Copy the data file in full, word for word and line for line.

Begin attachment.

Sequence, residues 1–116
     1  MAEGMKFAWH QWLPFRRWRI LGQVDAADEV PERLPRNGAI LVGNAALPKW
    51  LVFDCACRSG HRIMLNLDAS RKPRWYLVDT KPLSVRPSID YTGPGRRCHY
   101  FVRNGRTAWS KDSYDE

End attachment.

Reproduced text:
Sequence, residues 1–116
     1  MAEGMKFAWH QWLPFRRWRI LGQVDAADEV PERLPRNGAI LVGNAALPKW
    51  LVFDCACRSG HRIMLNLDAS RKPRWYLVDT KPLSVRPSID YTGPGRRCHY
   101  FVRNGRTAWS KDSYDE